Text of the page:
{December 5, 2011}   Savour the Moment

A friend shared on facebook a link for an art project where children’s drawings had been given to an established artist to turn into proper pieces of artwork.

Now your personal first response to my initial sentence probably offers you a good indication as to how you may feel about the rest of my blog.  If you think “wow, what a cool idea!” you may not entirely love the blog, while on-the-other-hand if you thought “what do you mean to say children’s art isn’t proper art” then your sentiments may be more closely aligned with my own.

The Monster Engine

I commented that while on the surface this sounded like an interesting project – and do please go have a look and make up your own mind – I’m concerned about what this sort of thing tacitly says to children, essentially “your pictures do not come up to my standards”.  Now please do not mistake my intention – I don’t wish to detract from this project or the incredible artwork (of all levels) contained within it – but more I want to highlight the possible ramifications and the ‘unsaid things’ of projects such as these which essentially seem to highjack things created by children.

In early years pedagogy there is a high level of importance placed on sustained shared thinking – a key outcome from a 2002 report (REPEY Report; Sirag-Blatchford et al., 2002).  This encourages practitioners to engage in high-level verbal interactions with children in order to support their on-going development.  Children’s art, or ‘mark making’ is viewed as a valuable tool at their disposal for communication…

Drawing is one of Reggio Emilia’s many languages (Malaguzzi, cited in Fillipini and Vecchi, 1997), used by children to talk about their worlds, both to themselves and to others.  Part fine motor skill development – with hand-eye coordination a key component – and part play, Athey (2007) sees drawing as a reflection of young children’s inner schematic representations.  Matthews (1999) concurs that, for younger children, mark making provides opportunity to explore the lines and curves of trajectory and enclosure schemas, for instance.  However, for older children between the ages of three and four, he views the drawing as located within a family of expressing and symbolic actions [which they] use fluently.  He goes on to describe the interpersonal arena between caregiver and infant that is core to young children’s drawings.  Early years practitioners, thus, should take children’s mark making seriously and look for opportunities to interact with children about their drawings.  However, caution is urged in over-analysing children’s without any reference to the child’s own narrative, and Ring’s research (2001) shows how, all too frequently, the role of drawing in children’s learning is misunderstood.  Emphasizing the interrelational aspect of drawing, Ring (2001) urges practitioners to explore the relationship between drawing as communication and drawing as art. [Supporting Pedagogy and Practice in Early Years Settings; Allen and Whalley; 2010:107]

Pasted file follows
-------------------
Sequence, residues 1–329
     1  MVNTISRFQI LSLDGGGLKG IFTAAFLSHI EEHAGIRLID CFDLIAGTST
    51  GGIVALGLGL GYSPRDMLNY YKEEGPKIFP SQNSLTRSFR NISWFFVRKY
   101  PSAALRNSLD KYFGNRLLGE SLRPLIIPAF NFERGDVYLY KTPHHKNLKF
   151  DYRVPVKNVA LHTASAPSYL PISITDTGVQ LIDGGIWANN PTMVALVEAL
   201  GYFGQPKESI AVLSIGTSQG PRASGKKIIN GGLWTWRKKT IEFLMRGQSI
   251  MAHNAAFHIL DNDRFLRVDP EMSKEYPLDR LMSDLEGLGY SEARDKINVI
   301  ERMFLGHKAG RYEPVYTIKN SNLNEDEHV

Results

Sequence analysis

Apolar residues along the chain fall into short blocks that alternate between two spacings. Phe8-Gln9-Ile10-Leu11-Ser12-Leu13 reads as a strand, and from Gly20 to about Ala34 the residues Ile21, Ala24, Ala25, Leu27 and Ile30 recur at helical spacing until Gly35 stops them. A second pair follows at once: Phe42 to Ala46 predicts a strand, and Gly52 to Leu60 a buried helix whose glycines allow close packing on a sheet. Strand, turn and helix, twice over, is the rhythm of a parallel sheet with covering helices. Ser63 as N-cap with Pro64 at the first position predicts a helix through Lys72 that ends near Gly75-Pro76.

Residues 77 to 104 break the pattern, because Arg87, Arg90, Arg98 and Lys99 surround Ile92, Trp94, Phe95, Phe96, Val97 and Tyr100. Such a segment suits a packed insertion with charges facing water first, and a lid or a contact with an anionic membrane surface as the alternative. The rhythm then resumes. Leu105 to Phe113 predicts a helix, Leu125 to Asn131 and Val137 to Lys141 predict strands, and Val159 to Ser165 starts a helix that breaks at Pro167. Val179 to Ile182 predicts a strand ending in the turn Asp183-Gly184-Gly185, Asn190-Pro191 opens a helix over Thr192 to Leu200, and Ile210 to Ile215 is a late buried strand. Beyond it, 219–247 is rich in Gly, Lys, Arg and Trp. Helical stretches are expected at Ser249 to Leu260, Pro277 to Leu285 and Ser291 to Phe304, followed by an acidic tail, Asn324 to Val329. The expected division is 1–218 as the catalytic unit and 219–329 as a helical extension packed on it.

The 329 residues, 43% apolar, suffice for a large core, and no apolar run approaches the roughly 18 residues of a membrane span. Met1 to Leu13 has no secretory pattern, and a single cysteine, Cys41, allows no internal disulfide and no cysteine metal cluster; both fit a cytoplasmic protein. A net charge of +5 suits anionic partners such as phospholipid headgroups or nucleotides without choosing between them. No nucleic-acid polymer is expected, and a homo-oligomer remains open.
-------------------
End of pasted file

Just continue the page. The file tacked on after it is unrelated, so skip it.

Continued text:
When you explore child development, and see the stages – particularly with reference to fine motor skills which are required for drawing – you start to admire these drawings as ends in themselves.  Failing to appreciate each moment risks viewing human development (I extend it here as I feel that we all change and develop throughout our lives) as a conveyor belt towards death.

“Rising Five”

Norman Nicholson explores this very idea (I studied the poem at GCSE I think, and was reminded of it through thinking on this topic)

I want to celebrate each achievement in a life, not see it as a step towards the grave.  It is exciting when my daughter draws a picture; she’s recently started to include finer details such as arms and legs to pictures of those she knows and that’s really cool.  I don’t look at a drawing she hands me, and tells me about the bits she has included then turn to her and say “oh darling maybe next time include fingers!”  No I say, “wow, your Uncle will be so touched you drew a picture of him, what a kind idea, I love the different colours you’ve used.”

There’s a lot of issues today which seem to centre around worth, value and self-esteem; eating disorders; depression; anxiety; stress; addictions; abuse… I could (sadly) list far more.  We have to show people they are valued.  We need to encourage and challenge one another to treat people according to the value that God places on each and every one of us.

I’ve been away recently, meeting with those who try to live by Jesus principles, I was challenged and humbled by much of what I heard.  I also feel really uplifted by hearing peoples stories, being blessed by others sharing some of their daily lives and talking about what people of faith, followers of Christ, are doing in various countries across Europe and further afield in Africa and the USA.

One exciting thing for me personally to have come out of this weekend was a renewed sense that I’m in the right place.  I feel I’ve been encouraged in my work with young children and I’m excited how things may progress over the next few years.  I’m inspired by something I heard, and didn’t really fully comprehend at the time, during my teacher training that I should look to become an ambassador for children and young people… and that’s what I’m going to put my heart into.


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